“About 12 of us hopped in a van and drove 13 hours to Franklin, N.C. We were set up in a local church as our base to sleep at night and make dinner together and during the day we helped to weatherize houses for the elderly. It was a small town and the residents were grateful for our services. I treasured the experience of being with my peers doing something meaningful and traveling to a part of the country where I had never been."


Alternative spring break programs help a community in need but they also bring value to participants. For example, participation in an ASB has shown to increase personal growth and personal effectiveness. “There is value in seeking something different even if it isn't the most conventional or easy path," Matthews points out. An alternative spring break can be the experience you need to gain the skills employers seek. As organizational psychologist, Wharton professor and author Adam Grant emphasizes, career success is rarely a result of academic excellence; rather, it's skills developed through social and volunteer engagements that enhance students' performance and make them more valuable to employers.

A serious volunteer engagement can be meaningful on its own, but I recommend that you are intentional and consider opportunities that both help you address an issue you care about and enhance the skills you need to help you move forward in your career. Participating in an alternative spring break can also help you align your values with the values of target employers driven by a social mission. Don't hesitate to speak with a career counselor to further explore your goals so as to choose an ASB option that best aligns with your future plans. For instance, if you seek to practice and polish your leadership skills, you may want to take the initiative and apply to be a site leader.

If an alternative spring break sounds exactly like what you've been looking for, check with your institution to see if a relevant program already exists. “The advantage of going through your school is that you meet other students and can travel together," says Matthews. “Another route is to go with an organization that hosts these opportunities, such as Habitat for Humanity." If your college doesn't have a designated program or the options don't meet your expectations, you may want to review the opportunities listed below. For some of them, participants don't have to be college students, which may help you establish meaningful relationships with professionals from a variety of backgrounds and fields.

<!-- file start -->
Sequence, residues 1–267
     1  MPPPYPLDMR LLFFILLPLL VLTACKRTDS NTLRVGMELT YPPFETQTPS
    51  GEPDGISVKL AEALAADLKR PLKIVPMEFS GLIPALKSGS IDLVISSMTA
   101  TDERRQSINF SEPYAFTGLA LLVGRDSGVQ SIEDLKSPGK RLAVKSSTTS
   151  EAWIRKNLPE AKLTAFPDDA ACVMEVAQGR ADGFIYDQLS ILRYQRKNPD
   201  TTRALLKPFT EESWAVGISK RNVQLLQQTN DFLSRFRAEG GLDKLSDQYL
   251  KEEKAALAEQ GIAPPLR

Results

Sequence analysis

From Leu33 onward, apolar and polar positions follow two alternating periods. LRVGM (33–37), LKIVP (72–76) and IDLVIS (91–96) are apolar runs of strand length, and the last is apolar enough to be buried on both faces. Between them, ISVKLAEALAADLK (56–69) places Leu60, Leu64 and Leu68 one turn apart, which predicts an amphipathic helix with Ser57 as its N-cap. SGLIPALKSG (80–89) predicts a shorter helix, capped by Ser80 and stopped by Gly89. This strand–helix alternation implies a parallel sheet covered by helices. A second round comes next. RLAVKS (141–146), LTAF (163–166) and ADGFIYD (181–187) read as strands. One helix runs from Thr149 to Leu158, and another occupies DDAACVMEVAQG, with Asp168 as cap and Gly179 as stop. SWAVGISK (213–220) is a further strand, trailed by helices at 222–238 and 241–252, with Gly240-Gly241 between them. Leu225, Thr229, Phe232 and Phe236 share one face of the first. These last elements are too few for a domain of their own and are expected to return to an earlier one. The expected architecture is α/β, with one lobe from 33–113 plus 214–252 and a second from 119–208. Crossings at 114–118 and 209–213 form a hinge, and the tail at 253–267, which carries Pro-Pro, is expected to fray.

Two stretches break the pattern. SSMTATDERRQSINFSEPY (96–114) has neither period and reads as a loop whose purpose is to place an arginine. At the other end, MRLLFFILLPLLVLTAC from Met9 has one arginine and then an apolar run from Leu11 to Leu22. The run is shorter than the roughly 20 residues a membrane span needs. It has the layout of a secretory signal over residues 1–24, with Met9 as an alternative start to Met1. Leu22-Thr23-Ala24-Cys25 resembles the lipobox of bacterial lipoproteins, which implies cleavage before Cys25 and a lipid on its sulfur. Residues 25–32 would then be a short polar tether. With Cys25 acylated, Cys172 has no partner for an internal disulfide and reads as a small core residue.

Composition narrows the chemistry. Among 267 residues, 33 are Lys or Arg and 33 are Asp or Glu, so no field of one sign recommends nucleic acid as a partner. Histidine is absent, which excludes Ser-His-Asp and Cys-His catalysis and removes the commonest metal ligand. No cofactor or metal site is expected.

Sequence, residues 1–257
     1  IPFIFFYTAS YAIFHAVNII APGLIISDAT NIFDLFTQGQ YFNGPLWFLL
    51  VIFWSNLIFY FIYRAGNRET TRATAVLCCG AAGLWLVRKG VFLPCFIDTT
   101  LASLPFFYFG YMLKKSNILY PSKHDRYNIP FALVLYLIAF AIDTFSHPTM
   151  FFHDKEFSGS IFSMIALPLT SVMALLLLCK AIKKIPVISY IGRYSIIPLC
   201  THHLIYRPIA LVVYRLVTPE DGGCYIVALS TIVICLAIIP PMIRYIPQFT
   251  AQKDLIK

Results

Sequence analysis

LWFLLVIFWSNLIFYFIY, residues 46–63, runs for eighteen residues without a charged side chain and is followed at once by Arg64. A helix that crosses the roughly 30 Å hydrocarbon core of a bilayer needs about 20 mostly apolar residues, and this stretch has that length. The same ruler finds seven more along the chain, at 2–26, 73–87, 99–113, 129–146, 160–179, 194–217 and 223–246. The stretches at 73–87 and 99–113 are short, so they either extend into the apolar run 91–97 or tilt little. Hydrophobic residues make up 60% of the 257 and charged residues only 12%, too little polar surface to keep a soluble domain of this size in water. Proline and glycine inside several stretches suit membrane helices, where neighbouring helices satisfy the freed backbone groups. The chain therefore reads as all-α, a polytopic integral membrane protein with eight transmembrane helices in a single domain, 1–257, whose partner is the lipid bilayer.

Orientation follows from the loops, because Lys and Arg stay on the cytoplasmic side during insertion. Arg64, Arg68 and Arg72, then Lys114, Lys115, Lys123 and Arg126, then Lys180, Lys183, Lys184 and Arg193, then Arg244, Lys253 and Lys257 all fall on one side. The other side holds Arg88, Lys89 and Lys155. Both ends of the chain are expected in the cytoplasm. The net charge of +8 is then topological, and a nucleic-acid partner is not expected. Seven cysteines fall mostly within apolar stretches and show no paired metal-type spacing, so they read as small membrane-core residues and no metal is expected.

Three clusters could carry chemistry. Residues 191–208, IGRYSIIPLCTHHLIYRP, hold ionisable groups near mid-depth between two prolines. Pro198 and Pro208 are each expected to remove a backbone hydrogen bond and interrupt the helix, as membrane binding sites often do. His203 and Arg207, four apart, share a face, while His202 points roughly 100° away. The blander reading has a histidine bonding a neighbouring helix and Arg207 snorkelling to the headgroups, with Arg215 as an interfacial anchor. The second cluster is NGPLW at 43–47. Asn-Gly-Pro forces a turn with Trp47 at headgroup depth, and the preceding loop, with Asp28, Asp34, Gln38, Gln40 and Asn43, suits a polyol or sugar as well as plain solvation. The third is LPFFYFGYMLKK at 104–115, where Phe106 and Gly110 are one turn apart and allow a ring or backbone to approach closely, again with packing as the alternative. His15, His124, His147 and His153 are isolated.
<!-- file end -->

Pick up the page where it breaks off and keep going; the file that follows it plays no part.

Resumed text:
- Habitat for Humanity Collegiate Challenge

- United Way Alternative Spring Break

- Cross-Cultural Solutions

- International Volunteer HQ (IVHQ)


Written by

Krasi Shapkarova

Krasi Shapkarova

A longtime careers writer and coach, Krasi Shapkarova serves as an associate director of coaching and education at the Johns Hopkins Carey Business School in Washington, DC, and is also the editor-in-chief of Carey the Torch, the official blog of the Career Development office. She is a Certified Career Management Coach with The Academies, an MBTI Step I and Step II certified practitioner, and has completed training in the Career Leader assessment. Prior to joining the Carey Business School staff, Krasi worked as a counselor at the distance education department at Houston Community College. In that role, she assisted students with career exploration, degree planning, course selection and study skills. In addition, Krasi has extensive experience as a writing tutor assisting students with resumes, cover letters and scholarship essays. She also interned at Shriners Hospitals for Children and has a background in the non-profit sector. Krasi holds a Master of Arts in Clinical Psychology from the University of Houston-Clear Lake and a Master of Arts in International Human Rights from the University of Denver. When not in the office, Krasi enjoys hiking and camping.